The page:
Why I didn’t like Madeira

It’s simple: the vibe of the island was off.
Only 2 hours by plane from the Azores, yet antagonistically different.
Leaving the Azores, on my way to Madeira
I’m not only talking about the weather – it’s as if light had taken refuge in the middle of the Atlantic, while darkness had taken over the island off the African coast.
Rocha do Navio, Madeira
The beauty of Madeira is indisputable, but to me, it takes so much more than spectacular scenery to make me love a place.
Praia do Garajau, Madeira

It’s commercial
Everything is organised on the island – too organised. There are signs for everything and you can’t get lost, even if you try.
The streets of Ponta Do Sol, the hottest place on Madeira
It is laudable that they managed to set up an infrastructure at such high standards, but it is a real curse for the naturally-wild character of Madeira.
Ponta Do Sol overview, Madeira
In the end, you reap what you sow. We have seen very strange tourists there – I can’t call ‘travellers’ people cursing at cows, taking advantage of your good intentions and then leaving you hanging, or simply people who came to Madeira because they knew that they needn’t leave their comfort zones. Everything is within reach.
Cute cows of Ponta do Pargo, Madeira

It’s super-crowded
You can hardly go anywhere on the island without company, even off-season.
I remember that we woke up really early to trek to Ponta de São Lourenço. When we got to the parking lot, there were barely any free spots. The trail was swarming with people. What’s the joy in pushing your way through hundreds of other people when there are MANY other beautiful places in the world that are practically deserted?   
Ponta de São Lourenço, Madeira
I am very surprised that we summited Pico Ruivo and were the only ones there for a good 20 minutes.
Pico Ruivo, Madeira
It’s very easy to get even to the remotest of places on Madeira and I believe that it was a marketing mistake of the authorities – exchanging the soul of the island for tourism popularity (thus, money).

Food isn’t what it’s cracked up to be
I really don’t know what kind of experiences people reviewing restaurants across Madeira have previously had when joints ranked 4.5+ on Google were mediocre.
Bananas were good. Brisa was good, but I liked Kima of the Azores more. I had two great meals – a Cuban and an Argentinean dinner, and one memorable dessert. And I liked a tea house. That’s about it. You must look if you want something special on your plate.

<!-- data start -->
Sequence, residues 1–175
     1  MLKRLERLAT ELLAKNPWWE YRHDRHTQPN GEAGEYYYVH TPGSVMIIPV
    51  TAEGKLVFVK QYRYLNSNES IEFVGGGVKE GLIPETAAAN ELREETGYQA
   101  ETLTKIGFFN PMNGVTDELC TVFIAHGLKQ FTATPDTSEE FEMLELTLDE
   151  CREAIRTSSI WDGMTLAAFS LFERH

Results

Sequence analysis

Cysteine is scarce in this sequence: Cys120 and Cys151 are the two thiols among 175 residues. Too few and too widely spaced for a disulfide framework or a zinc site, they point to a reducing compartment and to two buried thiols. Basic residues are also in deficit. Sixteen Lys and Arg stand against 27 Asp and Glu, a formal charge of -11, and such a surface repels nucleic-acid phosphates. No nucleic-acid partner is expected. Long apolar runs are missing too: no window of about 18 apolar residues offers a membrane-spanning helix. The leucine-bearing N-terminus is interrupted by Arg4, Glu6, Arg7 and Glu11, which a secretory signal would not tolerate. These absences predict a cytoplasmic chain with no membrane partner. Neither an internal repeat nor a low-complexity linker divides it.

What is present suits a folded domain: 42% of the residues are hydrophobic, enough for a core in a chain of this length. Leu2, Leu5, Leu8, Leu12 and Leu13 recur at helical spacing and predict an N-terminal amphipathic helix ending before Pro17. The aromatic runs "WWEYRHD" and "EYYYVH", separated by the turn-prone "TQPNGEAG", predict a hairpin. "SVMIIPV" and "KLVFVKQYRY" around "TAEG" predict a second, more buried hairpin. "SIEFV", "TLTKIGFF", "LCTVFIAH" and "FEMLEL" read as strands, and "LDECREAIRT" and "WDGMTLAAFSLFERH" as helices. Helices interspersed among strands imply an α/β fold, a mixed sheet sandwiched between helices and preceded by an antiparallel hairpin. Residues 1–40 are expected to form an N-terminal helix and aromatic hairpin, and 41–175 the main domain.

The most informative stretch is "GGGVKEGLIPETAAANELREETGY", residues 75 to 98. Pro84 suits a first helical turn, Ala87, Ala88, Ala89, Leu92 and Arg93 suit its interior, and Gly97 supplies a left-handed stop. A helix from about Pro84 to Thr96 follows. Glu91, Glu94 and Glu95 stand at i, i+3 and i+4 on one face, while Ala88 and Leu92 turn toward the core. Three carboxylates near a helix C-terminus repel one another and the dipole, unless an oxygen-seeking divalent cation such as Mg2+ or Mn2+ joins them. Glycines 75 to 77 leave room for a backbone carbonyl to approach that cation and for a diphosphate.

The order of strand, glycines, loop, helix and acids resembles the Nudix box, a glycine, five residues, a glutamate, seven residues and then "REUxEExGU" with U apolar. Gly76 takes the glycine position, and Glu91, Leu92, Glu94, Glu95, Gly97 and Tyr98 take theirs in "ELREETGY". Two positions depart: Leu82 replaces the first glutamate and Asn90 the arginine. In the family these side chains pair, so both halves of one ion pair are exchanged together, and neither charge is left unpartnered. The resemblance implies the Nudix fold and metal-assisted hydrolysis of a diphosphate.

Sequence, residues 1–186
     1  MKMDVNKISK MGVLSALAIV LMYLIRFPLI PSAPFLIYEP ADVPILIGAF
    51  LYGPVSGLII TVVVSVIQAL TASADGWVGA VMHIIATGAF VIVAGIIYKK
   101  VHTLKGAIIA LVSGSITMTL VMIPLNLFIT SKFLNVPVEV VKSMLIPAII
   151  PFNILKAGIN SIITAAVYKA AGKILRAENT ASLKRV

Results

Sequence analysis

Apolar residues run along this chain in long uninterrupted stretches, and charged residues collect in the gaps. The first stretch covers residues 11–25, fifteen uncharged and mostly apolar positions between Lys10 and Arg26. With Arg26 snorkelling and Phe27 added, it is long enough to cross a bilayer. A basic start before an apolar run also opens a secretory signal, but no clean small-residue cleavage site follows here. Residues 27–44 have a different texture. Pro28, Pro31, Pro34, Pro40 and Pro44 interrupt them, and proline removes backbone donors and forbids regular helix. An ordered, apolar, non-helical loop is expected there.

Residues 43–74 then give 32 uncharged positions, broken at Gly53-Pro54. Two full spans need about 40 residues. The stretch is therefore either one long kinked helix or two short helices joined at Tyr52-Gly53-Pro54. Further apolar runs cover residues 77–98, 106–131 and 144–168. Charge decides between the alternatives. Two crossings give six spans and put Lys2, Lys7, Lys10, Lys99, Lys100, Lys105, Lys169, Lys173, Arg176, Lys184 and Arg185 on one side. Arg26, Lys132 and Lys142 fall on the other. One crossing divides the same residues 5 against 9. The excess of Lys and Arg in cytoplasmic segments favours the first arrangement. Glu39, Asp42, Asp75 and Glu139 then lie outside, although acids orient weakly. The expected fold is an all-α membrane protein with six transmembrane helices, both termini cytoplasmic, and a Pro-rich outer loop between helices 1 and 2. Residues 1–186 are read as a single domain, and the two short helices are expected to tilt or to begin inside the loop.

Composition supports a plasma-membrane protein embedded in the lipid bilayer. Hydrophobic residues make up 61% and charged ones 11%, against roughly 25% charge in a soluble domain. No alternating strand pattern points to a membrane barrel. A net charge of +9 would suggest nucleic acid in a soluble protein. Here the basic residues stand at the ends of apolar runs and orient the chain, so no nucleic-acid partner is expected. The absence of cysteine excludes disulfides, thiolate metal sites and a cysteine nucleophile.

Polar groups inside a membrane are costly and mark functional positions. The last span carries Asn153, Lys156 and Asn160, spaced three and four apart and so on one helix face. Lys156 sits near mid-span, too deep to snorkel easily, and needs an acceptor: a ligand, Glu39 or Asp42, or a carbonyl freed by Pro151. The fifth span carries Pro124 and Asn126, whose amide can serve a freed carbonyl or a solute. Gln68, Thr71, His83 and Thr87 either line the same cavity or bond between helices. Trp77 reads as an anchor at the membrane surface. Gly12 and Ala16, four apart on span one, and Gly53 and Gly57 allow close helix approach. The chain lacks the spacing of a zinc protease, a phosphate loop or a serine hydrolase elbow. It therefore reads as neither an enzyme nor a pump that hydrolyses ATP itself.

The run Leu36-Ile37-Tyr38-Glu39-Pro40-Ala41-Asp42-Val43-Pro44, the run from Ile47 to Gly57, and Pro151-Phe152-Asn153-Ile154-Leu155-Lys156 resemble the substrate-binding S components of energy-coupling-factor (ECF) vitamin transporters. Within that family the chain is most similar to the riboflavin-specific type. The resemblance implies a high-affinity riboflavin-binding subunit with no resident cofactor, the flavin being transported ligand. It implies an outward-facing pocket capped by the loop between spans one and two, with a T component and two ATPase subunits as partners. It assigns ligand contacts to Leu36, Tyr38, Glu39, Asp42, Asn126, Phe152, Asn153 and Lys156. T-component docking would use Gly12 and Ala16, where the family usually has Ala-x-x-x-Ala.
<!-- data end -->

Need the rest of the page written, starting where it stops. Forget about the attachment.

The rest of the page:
Mass tourism is flourishing there
…and I don’t mean that in a good way: it’s actually ruining the island’s atmosphere. Buses full of retired people are driven all around Madeira. I had some time to listen to what the guides were saying – I do understand a little German – at Ponta do Pargo. It’s not that their intentions were not good, but they were simply taking people from one spot to another – that’s not actually travelling, not when there is no actual experience to connect you to the places that you’re visiting. Money is everything for most of the big tourism operators and few of them are actually committed to seeing their customers as more than bank accounts.
Walking to Ponta do Pargo, Madeira
People are not as friendly as on mainland or on the Azores
With a few exceptions – mainly met on our last night on the island.
The locals seem to be always in a hurry and detached, but not in a good way.
I believe that the many people having retired there, out of frustrations or simply pleasure, added to the cold attitude of the Madeirans. They may have lost their identity.
We also met a lot of foreigners working on the island – it is a bizarre mix of nationalities and not all expats are light-hearted. A Byelorussian who was our waiter one evening had very bad things to say about his restaurant’s competitors, while putting the place we were dining at on a pedestal.
Coconut cake at A Confeitaria; Funchal, Madeira

It is not the only example and it left me with a sour aftertaste.
No wonder that the energies of the island are so dark if it is filled with such attitudes.

So, what did I do to try and enjoy Madeira as much as I could?
I ate chocolate!   
Chocolate helped me on Madeira

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